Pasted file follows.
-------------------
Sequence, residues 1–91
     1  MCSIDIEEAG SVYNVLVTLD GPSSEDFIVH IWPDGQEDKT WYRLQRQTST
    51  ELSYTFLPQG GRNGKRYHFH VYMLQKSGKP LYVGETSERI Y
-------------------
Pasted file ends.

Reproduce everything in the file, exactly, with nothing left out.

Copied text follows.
Sequence, residues 1–91
     1  MCSIDIEEAG SVYNVLVTLD GPSSEDFIVH IWPDGQEDKT WYRLQRQTST
    51  ELSYTFLPQG GRNGKRYHFH VYMLQKSGKP LYVGETSERI Y